So, I supposedly “violated community standards” by posting a graphic that came from the community. Hmmm…

Looking at the timing of it, where we are in the middle of the peak of the Trump impeachment Senate hearings, one has to wonder if it isn’t part of an organized strategy to use Facebook’s’ policies against anyone openly critical of him? Right now, silencing a bunch of his critics for three days without any hearing or recourse, would be huge. You almost wonder if it’s not a new wave of Russian hackers turning to suppressing criticism instead of posting pro-Trump propaganda?

I don’t flatter myself to think that I am that important, or widely influential to garner special attention. So, the explanation of a widespread organized process makes more sense. I just got caught up in it.

So, Facebook put me and possibly many others in Facebook Jail. I’ll live. Actually a three day break will do me good. After all, it got me back to my long neglected blog…

Posted in Uncategorized Tagged with:

Quite possibly the best keyer ever.

Over the years, the quest for a good morse code keyer has been on the mind of many Hams. I remember the first keyer I ever saw at a friends shack while I was still in high school. It was the latest thing with “Iambic” or squeeze keying. He demonstrated using his Brown Brothers paddles how it would alternate making dits and dahs when both paddles were held. It was homebuilt using RTL logic.

Over the years improvements came along. Memories that could store canned messages. Weight and beacon settings. Serial numbers that auto-incremented for contesting. Back before computer logging took over, a good contest keyer was a necessity.

MFJ Grandmaster “contest” keyer

Then contest logging software took over the CW sending and the keyer was on the back shelf for use in casual QSOs or when the logging computer crashed. But eventually, computers got too complicated and too fast and busy doing other things to send decent CW without it getting choppy. Of course, we were demanding more out of the logging computer – controlling two radios, sending/receiving spots over the network, etc.

So along comes K1EL and his Winkeyer. It took all the timing issues away from the main computer and let a little PIC chip handle them. It worked like a charm and became the standard for most contesters. And you could plug a paddle into it and use it as a simple keyer too! I have one and love it.

K1EL WinKeyer

But Hams being Hams, never sit still and other choices came along. Of course, not everyone cared about contesting or they needed a keyer that had other features. A number of people published keyers that used small microcontrollers. The Microchip PIC chips were popular and a number of Hams created keyers using them. The Embedded Research Tick keyers brought them down to a single chip you could embed into your homebrew rig or build into a case. I built one the size of a keyfob for your car.

But eventually, people discovered the Arduino and how easy they were to program. I’m sure many programs were out there and I’ve played with a couple, but the one that has come to the forefront was written by Goody, K3NG. I’m not sure when it was first released, but by now it is quite mature and has an extensive feature list, including incorporating the K1EL Winkeyer2 functionality. It continues to be updated on a regular basis today. You can read about it at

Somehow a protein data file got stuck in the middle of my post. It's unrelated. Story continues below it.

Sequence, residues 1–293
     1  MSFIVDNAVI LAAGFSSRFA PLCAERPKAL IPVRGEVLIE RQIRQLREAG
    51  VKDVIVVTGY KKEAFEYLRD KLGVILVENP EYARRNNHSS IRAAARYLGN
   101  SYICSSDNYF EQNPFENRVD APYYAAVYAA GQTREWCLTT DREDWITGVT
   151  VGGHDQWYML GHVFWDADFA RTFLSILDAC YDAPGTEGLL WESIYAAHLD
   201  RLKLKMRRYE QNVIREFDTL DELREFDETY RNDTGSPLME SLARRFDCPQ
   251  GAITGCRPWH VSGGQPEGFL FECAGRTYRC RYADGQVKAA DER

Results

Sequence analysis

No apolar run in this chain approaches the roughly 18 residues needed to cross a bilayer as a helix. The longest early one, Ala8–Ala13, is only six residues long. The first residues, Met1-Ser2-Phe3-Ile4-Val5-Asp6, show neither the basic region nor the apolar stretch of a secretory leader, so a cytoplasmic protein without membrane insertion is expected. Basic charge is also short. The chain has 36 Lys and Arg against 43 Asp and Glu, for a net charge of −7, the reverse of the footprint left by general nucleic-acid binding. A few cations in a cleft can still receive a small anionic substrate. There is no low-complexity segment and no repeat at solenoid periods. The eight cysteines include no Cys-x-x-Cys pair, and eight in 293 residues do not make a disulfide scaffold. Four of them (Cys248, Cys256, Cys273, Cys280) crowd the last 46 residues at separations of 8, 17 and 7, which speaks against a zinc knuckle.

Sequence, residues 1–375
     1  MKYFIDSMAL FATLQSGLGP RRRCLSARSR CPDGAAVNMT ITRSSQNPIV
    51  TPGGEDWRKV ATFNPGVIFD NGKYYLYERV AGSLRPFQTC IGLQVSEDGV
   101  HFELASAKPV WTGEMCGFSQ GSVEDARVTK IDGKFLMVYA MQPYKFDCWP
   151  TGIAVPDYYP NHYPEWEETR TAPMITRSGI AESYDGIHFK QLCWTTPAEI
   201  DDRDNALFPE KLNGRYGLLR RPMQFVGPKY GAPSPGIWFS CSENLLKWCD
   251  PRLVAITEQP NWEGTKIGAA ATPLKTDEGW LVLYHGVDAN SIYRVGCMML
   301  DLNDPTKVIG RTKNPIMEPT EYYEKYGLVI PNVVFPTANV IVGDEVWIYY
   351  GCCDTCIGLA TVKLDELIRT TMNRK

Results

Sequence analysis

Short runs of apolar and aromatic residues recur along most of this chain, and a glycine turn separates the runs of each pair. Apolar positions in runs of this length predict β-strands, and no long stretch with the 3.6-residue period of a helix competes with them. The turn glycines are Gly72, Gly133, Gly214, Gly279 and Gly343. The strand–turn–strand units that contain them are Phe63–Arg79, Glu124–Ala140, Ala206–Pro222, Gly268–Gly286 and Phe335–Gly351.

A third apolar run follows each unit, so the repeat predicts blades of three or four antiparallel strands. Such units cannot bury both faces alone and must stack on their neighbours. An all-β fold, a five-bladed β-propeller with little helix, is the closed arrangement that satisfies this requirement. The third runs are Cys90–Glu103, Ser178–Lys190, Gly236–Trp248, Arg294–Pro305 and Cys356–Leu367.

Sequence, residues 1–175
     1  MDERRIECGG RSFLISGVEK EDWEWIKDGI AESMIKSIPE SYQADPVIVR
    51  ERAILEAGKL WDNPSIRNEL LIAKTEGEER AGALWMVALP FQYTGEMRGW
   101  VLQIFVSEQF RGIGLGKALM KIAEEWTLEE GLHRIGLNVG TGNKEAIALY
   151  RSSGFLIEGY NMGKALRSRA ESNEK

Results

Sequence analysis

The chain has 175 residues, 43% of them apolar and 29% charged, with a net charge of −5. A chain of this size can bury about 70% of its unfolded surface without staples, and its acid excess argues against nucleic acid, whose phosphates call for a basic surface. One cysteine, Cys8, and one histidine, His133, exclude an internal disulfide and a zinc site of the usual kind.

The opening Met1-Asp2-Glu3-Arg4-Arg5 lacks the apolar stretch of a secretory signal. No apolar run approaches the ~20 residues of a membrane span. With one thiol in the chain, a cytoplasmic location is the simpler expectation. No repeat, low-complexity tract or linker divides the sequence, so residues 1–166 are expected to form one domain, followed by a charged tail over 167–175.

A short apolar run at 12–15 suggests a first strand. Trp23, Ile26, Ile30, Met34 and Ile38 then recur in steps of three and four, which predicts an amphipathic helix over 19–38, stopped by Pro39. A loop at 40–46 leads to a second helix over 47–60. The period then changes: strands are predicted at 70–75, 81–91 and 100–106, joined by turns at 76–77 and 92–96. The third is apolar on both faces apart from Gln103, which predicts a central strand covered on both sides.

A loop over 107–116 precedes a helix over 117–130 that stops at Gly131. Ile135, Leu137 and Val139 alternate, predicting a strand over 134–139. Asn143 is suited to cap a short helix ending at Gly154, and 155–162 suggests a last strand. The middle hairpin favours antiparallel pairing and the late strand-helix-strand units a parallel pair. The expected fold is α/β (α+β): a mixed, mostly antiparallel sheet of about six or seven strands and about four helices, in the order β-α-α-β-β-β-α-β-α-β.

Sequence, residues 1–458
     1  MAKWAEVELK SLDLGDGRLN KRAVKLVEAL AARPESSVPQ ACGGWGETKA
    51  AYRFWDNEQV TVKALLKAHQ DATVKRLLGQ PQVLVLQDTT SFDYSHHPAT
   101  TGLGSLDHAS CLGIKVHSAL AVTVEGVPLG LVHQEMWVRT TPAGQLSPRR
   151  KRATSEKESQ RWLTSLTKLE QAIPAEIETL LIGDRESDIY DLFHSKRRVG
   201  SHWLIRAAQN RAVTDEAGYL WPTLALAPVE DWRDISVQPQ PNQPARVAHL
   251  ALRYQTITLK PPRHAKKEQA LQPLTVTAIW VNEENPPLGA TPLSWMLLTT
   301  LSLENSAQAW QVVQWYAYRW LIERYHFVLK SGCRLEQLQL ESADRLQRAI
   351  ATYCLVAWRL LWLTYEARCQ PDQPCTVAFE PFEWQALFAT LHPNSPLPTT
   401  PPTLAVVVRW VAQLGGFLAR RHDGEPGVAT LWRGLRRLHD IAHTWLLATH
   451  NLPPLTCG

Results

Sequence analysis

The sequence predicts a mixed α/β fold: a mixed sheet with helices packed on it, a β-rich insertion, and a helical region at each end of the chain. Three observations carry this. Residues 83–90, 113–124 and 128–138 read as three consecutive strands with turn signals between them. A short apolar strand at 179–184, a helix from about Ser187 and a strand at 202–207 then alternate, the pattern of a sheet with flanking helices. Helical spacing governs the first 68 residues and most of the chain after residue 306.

I don’t even remember where I first heard about it, but I know I had played around putting the code into an Uno and making all the connections on a breadboard. But I really got into it when I saw the DJ0MY kit that lets you put it on an Arduino Nano. The Nano is a small Arduino board about the size of a large postage stamp. I had been using Nanos and Minis for some other projects, so I knew what it could do. I ordered the kit from Germany and when it came, I built it. The program gave many options and I had a blast changing things and trying them out.

DJ0MY NanoKeyer

So, it makes a fantastic keyer. I can’t list all the things it can do here because it is too long of a list. Read the link above if you want. But the problem was, there was so many features that they can’t all fit in the limited space in the Nano’s memory. The way Goody wrote the code allows you to turn on or off sections of the code when it gets compiled. You pick and choose the features that you really want and if they fit, you’re golden. If it doesn’t, you have to give something up.

But the code will run on any Arduino. What if there was one that had more program space and could accommodate more features? Well, there is. The Arduino family tree is pretty big, even just the official branches. One stood out as perfect for making the ultimate version of the K3NG keyer. It was the Arduino Mega 2560. It offered more than eight times the program space as well as double the number of I/O pins. The only drawback was it was twice the size of the Uno and completely dwarfs the Nano.

Nonetheless, people started talking about making a PC board, or shield, to make the Mega into a keyer. It was a great idea and some people homebrewed them.

Then someone said “What about these Mega 2560 Mini boards we see on EBay?”

Mega 2560 Pro Mini

Arduino Mega 2560 Pro Mini

Someone had taken the same chip as used in the Arduino Mega 2560 and put it on a much smaller board. All the I/O pins were there, and since it is the same chip, the memory size is the same. It just no longer fits the shield layout that the Uno and Mega share. It ends up being wider than the Nano but not much longer. It’s not official Arduino, but is comaptible with the software. Since the whole Arduino project is open source, they encourage others to develop them. Official, full sized MEGA 2560s are in the $35 range, with imported clones being about $15. The Mega 2560 Pro Mini is under $10 direct from the manufacturer. There are also other similar Mega 2560 reduced size boards out there, but the layout differs slightly.